Editor’s Note: This article contains narrative spoilers for Cibele.
There is a contingent of gamers out there who brush aside games that tackle tough issues or that have the ability to appeal to both male and female gamers equally. So long as you’re not malicious about it, this isn’t an opinion that isn’t necessarily invalid, as you’re allowed to hate the games that some brush off as Tumblr fodder and weak interactive experiences. Still, by ignoring games like Her Story and The Beginner’s Guide, you’re missing out on some of the most novel games of the year. One of the titles that so many gamers seemed to ignore until Game of the Year conversations around the Internet begun is Cibele, the creative nonfiction title from Nina Freeman that details a sequence of her life as a nineteen-year-old college student. While Cibele isn’t going to be the game to end all video games, it’s still an experience that goes places that no other game in recent memory has gone, and the sense of voyeurism it inspires begs us to ask some extremely uncomfortable questions about ourselves.
Being that its title does absolutely nothing to suggest what it actually is, let’s dive into what Cibele actually entails before examining why it is so neat and novel. You essentially take control of a nineteen-year-old Nina Freeman’s computer in the midst of an online romance with another player in an MMO called Valteria (which is based on Freeman’s experience with Final Fantasy XI). While a great deal of this hour-long experience is spent defeating enemies inside of Valteria, which is the simplest, clunkiest stereotype of a PC MMO you could imagine, players also have the opportunity to snoop around Freeman’s computer between boss battles. This part is completely optional but just might be the most interesting part of the entire experience, as digging through a stranger’s chat logs, family photos and intimate selfies seemingly without their knowledge creates a unique sense of distress and intrigue. Yes, on the surface Cibele is a game about the perils of young online love, which is definitely relatable to a far more millennials than that contingent would like to admit, but the real draw here is the dissonance that it creates in your own mind.
Even though human beings are far more complex than we like to admit, there is a sense in nearly everyone that drives them to be a “good” person. The thing is, good is simply a construction of modern society, and the dissonance that we face in our own minds comes from the obvious difference between individuals and the collective hivemind (this is a far less intelligent statement that the big words might suggest). For the most part, it feels really terrible when you do something that the general public might deem as creepy, and Cibele is definitely a title that capitalizes on this. When you see a folder on this faux desktop that suggests that there might be suggestive photos inside, there’s a part of the average mind that wants to open it for the sake of seeing everything this game has to offer, and this directly contrasts with the idea that it’s totally not cool to violate somebody’s privacy. Even though Nina Freeman obviously knows that Cibele’s audience will see everything there is to see inside of it, there’s still a sense that you’re doing something inappropriate by engaging with this content. If that isn’t something that is super unique for this medium, then I’m not quite sure what would be.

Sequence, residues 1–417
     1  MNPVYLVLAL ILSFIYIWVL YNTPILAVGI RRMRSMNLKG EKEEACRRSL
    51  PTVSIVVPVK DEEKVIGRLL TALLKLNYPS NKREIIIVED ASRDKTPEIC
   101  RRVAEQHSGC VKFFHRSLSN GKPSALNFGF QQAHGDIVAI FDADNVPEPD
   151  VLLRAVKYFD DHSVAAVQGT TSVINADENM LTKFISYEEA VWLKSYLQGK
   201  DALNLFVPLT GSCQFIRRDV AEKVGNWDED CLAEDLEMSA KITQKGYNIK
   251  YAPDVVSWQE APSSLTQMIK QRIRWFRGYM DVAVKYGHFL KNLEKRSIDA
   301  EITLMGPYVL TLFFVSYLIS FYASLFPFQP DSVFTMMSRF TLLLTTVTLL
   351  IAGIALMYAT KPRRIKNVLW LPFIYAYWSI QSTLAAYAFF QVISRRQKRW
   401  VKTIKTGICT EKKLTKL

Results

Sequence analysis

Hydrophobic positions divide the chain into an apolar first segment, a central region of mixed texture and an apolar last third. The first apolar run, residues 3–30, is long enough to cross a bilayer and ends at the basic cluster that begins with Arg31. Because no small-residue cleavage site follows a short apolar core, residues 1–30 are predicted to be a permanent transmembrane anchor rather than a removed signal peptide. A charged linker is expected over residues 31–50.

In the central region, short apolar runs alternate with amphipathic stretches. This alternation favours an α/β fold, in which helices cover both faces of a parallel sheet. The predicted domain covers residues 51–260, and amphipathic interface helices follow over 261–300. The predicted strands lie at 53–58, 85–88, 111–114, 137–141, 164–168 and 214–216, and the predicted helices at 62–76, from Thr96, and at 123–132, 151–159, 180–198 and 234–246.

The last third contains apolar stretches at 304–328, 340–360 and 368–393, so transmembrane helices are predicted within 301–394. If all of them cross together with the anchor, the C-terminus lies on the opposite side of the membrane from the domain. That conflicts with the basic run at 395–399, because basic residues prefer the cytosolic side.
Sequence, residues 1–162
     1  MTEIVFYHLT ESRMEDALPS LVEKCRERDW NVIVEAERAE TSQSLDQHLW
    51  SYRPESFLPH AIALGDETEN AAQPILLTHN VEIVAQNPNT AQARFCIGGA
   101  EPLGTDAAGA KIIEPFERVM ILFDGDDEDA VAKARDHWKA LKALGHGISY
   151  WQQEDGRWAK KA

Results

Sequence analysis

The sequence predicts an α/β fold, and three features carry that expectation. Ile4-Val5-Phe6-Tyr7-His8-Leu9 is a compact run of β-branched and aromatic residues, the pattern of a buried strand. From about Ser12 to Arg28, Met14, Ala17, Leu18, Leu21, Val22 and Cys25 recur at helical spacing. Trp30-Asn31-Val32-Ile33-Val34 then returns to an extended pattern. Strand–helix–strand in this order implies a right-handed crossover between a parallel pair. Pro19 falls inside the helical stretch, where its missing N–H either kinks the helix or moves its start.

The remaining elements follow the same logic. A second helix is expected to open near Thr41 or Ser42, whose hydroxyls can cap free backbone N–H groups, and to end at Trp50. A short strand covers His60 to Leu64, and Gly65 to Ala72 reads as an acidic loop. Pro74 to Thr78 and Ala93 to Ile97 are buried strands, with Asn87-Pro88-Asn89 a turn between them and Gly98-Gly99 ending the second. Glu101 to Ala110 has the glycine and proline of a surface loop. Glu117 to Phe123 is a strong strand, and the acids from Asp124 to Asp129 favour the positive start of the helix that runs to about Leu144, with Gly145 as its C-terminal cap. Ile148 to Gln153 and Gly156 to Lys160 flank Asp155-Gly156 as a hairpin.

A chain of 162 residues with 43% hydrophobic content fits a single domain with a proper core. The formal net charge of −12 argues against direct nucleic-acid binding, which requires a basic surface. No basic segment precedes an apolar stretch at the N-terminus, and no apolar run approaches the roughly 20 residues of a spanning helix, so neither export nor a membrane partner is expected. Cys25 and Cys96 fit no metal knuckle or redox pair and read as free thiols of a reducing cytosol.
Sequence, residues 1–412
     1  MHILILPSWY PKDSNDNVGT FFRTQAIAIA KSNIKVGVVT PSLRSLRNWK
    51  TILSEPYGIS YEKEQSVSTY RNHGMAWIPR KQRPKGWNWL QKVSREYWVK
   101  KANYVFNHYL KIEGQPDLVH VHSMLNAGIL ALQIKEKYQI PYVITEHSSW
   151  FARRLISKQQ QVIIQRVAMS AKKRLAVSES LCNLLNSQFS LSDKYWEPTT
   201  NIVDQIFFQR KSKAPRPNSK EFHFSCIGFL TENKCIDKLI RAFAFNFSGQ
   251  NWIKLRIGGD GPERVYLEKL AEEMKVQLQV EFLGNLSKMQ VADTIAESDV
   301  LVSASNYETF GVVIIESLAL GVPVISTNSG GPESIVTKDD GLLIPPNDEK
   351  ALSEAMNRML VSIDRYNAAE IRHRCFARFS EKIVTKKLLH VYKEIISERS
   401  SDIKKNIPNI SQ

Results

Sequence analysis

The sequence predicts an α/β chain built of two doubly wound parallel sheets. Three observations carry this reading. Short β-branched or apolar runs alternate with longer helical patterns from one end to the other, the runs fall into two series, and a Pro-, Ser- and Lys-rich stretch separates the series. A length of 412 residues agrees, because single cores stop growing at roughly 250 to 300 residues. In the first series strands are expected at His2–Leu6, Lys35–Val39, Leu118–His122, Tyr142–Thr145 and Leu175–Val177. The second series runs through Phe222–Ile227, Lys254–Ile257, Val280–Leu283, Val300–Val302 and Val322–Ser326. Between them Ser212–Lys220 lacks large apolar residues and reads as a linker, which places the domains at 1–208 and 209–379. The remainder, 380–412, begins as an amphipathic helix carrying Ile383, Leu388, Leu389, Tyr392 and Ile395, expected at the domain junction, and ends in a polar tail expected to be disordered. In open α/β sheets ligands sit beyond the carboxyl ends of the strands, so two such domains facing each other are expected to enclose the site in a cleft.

One of the prevailing takeaways from Cibele was that Nina Freeman did an incredibly brave thing by creating this game. No one was forcing her to tell the story of her online love, and certainly nobody expected a title that contains embarrassing poems and suggestive photos that are straight up grounded in reality, so to put this out for public consumption is something that should be applauded. It’s totally okay to not be into games that essentially involve clicking and video-watching, but it’s pretty tough to deny that it took some genuine courage to develop this. As someone who is roughly the same age as the main character, I certainly would not want my most awkward secrets and exchanges put on display for the world to see (though to be fair, it’s all out there somewhere due to the nature of the Internet). The gaming industry seems to be very divided on the state of Internet feminism, which totally overshadows the fact that this is just a game by a strong human who wanted to tell a grounded story. How can anyone, regardless of their opinion on that issue, not appreciate that in some way?
Cibele totally might not be the game for you, and that’s perfectly okay, but it should be on the radar for those looking for an experience unlike anything else that came out in 2015. Nina Freeman took us to places that no other game dares to venture and the fact that it’s completely grounded in her own story makes the message that much stronger. First love can be painful, confusing and ultimately unsatisfying, but there’s also something deeply immersive and gripping about it that it inspires strong feelings no matter who you are. If you’re struggling to find something to play, which is totally something that can happen after the insane amount of AAA open world titles that came out last year, consider giving this bizarre hour-long experience a shot.